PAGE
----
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Mugabe makes new proposals


Dumisani Muleya

PRESIDENT Robert Mugabe is now pinning his hopes on constitutional reform to extricate himself from the current crisis.



l, Helvetica, sans-serif”>High-level sources privy to the ongoing talks between Zanu PF and the opposition Movement for Democratic Change (MDC) said Mugabe is behind the ruling party’s efforts to revive the constitutional issue as part of his bid to find an exit plan that allows him to go with dignity.


The sources said Mugabe wants an amendment to the current constitution or the drawing up of a new one that would provide ring-fencing measures to protect him from prosecution for human rights abuses. It is understood Mugabe would, if the talks restart any time now and progress is made, relinquish the Zanu PF leadership in December during the party’s annual conference but remain as head of state until fresh elections are held by June next year.


The June time frame for fresh polls emerged after United States President George Bush’s meeting with South African President Thabo Mbeki on July 9.


Contemplated changes would also revive the post of prime minister enabling Mugabe to retain the ceremonial post of head of state while conceding day-to-day authority to either his designated successor as party leader or an MDC official.


Mugabe recently said he did not mind which system of government was in place although he preferred the American-style presidential system. Thabo Mbeki who has been trying for the past three years to broker a solution to Zimbabwe’s seemingly intractable crisis was said to have indicated to a senior regional official recently that Mugabe wants to retire as Zanu PF leader in December.


Mbeki has of late been trying to placate Mugabe to ensure he remains on the path to dialogue. In July Mbeki was reported to have engineered Mugabe’s appointment as one of the five deputy chairs of the African Union in Mozambique as part of a wider propitiation policy.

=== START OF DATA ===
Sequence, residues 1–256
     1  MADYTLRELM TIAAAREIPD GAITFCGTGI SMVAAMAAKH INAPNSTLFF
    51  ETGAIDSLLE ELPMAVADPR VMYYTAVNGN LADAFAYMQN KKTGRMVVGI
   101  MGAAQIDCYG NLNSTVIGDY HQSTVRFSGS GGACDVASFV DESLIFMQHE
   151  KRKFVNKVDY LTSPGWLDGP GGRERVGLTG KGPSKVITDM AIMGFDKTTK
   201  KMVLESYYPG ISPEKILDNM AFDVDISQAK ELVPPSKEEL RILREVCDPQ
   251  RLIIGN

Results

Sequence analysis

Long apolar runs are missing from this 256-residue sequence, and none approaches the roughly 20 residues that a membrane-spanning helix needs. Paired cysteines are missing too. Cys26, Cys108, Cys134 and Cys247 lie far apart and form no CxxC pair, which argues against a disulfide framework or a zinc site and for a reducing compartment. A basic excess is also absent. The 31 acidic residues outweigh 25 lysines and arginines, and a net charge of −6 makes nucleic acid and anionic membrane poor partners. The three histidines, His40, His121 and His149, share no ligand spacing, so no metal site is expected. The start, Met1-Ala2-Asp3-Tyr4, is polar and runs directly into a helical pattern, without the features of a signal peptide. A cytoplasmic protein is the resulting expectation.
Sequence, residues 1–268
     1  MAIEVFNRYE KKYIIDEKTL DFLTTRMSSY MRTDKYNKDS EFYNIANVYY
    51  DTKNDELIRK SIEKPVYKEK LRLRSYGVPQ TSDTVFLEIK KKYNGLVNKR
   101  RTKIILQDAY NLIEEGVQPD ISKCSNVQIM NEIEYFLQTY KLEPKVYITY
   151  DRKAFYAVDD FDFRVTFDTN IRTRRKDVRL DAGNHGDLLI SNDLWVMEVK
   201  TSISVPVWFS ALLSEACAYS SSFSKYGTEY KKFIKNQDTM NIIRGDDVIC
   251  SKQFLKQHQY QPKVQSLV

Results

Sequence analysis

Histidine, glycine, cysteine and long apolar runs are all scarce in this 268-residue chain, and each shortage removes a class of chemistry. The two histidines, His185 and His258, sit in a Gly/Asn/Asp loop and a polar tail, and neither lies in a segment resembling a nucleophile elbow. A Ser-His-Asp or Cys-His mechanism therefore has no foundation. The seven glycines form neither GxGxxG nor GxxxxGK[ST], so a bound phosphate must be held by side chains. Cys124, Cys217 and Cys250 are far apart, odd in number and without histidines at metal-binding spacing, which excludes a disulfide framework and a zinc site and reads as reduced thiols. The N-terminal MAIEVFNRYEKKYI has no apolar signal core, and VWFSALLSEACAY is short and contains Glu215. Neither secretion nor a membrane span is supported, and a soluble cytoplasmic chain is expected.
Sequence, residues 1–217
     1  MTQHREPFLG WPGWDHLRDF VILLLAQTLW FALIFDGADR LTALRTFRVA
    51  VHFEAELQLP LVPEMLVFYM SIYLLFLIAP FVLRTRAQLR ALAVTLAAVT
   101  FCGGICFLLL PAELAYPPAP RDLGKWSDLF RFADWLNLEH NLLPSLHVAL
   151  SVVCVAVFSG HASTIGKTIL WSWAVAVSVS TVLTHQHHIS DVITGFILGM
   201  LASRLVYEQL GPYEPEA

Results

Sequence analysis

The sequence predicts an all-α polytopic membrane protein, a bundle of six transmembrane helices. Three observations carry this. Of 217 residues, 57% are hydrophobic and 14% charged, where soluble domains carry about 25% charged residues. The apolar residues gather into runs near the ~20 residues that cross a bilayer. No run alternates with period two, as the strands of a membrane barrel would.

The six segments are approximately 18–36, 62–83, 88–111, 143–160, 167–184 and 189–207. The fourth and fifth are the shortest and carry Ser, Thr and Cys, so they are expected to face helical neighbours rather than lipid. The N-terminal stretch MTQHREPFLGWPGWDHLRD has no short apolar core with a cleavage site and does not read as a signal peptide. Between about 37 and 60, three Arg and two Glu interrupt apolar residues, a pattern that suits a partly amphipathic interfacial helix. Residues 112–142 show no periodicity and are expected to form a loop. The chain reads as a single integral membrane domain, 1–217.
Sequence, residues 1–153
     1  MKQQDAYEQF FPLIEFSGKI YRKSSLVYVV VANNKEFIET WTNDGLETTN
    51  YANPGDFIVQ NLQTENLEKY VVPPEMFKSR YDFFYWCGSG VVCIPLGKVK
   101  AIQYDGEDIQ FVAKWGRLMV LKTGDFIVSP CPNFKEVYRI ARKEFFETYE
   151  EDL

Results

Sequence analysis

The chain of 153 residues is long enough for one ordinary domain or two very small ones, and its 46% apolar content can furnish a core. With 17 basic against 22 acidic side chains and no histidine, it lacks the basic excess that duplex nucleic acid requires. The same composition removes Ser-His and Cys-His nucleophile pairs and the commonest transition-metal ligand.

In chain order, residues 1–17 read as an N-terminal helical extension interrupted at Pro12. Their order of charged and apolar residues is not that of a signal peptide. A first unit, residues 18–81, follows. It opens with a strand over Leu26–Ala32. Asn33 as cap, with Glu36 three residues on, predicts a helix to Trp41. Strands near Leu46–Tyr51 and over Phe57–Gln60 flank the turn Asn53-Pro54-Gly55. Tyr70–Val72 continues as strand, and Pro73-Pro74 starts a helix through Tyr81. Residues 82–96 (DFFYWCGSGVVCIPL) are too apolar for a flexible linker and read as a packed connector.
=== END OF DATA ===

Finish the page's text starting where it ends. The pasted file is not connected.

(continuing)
Sources said Pretoria would also ensure Zimbabwe is not discussed at the forthcoming Sadc meeting in Tanzania and the Commonwealth Heads of Government Meeting in Nigeria in December, thus removing Mugabe from divisive and unflattering controversy.


The constitutional debate has now moved to the centre of the ongoing dialogue between the two parties aimed at breaking the political impasse. Zanu PF now wants to table the constitutional issue currently being considered informally when talks that broke down in May last year officially resume. The MDC is amenable to constitutional change but its position is that there has to be an interim document instead of a final one to facilitate transition to democratic legitimacy.


Although Zanu PF is pressing for a signed and sealed constitutional deal in a bid to secure immunity guarantees for Mugabe, the MDC is resisting the idea because it says only a popularly elected government can bring about a genuine new constitution. The MDC’s position is similar to the African National Congress’s stance at the Convention for a Democratic South Africa (Codesa) from 1991-93.


The opposition, whose civic society allies are anxious to ensure constitutional reform before a new political dispensation, recently raised the issue in its report to church mediators.


“A programme for comprehensive constitutional reform is necessary and must be agreed upon so as to remove some of the major sources of political instability and contestation in the country,” the MDC said. “Such constitutional reform should guide us in returning to legitimacy.”


The constitutional reform initiative is seen as the only way out for Mugabe now. The MDC’s ally, the National Constitutional Assembly, has argued that a constitutional review should take precedence over politics, as it is the only route towards the restoration of democracy upon which political and economic stability rest.

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